K*I*S*S — “Keep It Simple, Stupid” — long have been watchwords in direct mail. Now, research by Daniel M. Oppenheimer, a Princeton University psychologist, shows scientifically that texts using hifalutin language and unusual graphics actually diminish the reader’s perception of the writer’s intelligence and, by extension, the value of paying attention to his offer.
Oppenheimer, then at Stanford, polled 110 undergraduates and found that a vast majority purposely used million-dollar words in their papers. For example, 86.4% of the students “made their writing more complex in order to give the impression that the content is more valid or intelligent.”
The psychologist modified six brief essays, used in admission applications for graduate school, to make their language more complex.
Every participant was told to read the text, then decide whether he would accept the writer as a graduate student. Also, participants rated how hard it was to understand their assigned essays and their confidence in their admission decisions on a seven-point scale.
The experiment’s results, Oppenheimer writes, showed that “increasing the complexity of a text does not cause an essay’s author to seem more intelligent. In fact, the opposite appears to be true.”
In his second experiment, Oppenheimer gave students more or less complicated English translations of a passage in French by René Descartes. “Once again,” he writes, “complexity negatively influenced raters’ assessment” of the writer’s intelligence, regardless of prior expectations.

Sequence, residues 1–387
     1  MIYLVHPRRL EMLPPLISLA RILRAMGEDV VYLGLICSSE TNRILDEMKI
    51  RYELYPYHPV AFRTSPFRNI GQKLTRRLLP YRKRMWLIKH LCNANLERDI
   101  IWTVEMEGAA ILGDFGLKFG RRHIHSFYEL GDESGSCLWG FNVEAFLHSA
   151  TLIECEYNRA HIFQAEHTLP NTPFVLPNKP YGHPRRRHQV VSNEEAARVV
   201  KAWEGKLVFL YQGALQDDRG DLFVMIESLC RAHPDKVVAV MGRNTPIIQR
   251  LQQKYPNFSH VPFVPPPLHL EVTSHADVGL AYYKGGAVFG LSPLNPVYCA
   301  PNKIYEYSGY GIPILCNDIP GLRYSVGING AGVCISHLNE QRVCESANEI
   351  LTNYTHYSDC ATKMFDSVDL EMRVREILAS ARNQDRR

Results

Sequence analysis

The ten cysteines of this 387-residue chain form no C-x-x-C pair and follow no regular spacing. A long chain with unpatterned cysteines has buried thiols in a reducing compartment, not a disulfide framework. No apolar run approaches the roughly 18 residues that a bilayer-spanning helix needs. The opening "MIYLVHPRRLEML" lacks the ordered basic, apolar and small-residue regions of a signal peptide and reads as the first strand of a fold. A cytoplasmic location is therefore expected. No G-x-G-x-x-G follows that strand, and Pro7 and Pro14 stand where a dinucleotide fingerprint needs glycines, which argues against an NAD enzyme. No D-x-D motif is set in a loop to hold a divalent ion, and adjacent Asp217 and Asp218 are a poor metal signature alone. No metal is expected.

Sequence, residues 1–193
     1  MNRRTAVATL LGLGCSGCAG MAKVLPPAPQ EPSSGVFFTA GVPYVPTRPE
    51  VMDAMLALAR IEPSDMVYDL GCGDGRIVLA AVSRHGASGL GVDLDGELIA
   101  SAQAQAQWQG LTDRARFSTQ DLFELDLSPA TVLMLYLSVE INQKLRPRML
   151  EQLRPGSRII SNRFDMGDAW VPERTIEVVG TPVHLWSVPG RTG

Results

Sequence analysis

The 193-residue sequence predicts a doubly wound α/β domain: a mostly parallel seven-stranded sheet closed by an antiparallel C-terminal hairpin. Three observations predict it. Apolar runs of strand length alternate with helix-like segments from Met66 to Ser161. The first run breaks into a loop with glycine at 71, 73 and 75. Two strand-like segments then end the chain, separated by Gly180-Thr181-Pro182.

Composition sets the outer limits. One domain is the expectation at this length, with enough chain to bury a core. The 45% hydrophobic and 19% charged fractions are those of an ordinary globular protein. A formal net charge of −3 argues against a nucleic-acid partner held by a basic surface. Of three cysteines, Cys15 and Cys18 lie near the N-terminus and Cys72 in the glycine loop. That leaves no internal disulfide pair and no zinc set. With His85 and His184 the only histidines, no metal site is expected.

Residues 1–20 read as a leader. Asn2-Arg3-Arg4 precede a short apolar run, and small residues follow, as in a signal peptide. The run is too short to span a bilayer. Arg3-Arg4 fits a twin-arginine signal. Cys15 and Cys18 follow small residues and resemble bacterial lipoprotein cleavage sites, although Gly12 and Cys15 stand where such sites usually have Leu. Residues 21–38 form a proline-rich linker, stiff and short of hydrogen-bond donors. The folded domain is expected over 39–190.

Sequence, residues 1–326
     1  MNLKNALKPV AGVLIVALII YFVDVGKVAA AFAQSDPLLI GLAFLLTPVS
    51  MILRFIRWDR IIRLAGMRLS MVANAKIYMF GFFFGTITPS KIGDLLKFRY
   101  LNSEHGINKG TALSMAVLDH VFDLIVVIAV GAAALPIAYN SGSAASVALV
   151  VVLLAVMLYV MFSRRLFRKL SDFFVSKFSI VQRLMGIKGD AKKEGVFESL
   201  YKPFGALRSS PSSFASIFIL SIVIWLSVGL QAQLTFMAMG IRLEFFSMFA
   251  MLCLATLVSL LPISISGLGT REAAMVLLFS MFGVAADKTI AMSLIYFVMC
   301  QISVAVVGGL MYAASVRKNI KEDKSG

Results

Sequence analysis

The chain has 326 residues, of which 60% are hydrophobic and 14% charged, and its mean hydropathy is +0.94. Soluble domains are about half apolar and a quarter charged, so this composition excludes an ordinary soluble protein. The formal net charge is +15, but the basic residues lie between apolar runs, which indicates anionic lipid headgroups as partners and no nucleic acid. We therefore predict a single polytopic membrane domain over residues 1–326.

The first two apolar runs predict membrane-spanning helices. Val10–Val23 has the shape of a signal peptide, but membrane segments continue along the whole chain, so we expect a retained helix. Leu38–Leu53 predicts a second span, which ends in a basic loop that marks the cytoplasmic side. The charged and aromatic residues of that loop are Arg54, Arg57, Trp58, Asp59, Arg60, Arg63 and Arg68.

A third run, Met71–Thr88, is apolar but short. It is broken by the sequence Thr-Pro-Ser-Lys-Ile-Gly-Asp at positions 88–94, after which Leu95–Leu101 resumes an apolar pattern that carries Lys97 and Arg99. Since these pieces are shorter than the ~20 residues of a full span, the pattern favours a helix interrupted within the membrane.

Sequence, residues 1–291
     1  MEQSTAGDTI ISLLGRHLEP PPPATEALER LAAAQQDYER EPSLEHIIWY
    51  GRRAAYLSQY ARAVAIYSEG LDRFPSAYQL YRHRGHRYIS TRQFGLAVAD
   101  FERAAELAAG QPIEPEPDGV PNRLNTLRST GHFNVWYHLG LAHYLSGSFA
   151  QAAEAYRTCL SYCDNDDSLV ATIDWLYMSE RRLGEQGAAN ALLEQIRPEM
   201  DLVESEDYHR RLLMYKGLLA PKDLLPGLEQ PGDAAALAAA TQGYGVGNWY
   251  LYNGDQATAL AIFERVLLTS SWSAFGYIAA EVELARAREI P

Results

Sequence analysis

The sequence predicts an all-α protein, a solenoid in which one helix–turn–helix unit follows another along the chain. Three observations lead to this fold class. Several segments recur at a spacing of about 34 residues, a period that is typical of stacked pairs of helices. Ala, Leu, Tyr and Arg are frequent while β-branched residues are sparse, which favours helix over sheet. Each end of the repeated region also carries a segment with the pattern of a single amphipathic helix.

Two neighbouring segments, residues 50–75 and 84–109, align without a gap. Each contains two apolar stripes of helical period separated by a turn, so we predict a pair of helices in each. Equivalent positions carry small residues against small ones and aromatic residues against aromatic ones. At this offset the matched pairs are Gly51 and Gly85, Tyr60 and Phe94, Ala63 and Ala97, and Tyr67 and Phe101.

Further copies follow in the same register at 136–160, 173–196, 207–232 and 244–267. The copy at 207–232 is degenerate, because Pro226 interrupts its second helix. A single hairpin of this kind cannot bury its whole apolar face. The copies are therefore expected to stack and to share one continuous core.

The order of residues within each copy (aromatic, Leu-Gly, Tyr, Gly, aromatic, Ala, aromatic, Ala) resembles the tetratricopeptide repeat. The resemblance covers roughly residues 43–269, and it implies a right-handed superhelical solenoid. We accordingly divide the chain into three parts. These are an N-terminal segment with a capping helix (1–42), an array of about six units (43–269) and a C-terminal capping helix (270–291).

Oppenheimer next experimented with a simplified writing sample. His results showed that readers of the simplified text rated the writer “more intelligent” than recipients of the corresponding undoctored version.
Having determined that overly complicated language reduces reader perception of the writer’s braininess, and vice-versa, Oppenheimer presented his panelists with the same text panel, but in a type font difficult to read. He found that readers of the hard-to-read copy perceived the writer as less intelligent than those who worked with the original text. Oppenheimer concludes, “The pundits are likely right: write clearly and simply if you can, and you’ll be more likely to be thought of as intelligent.”
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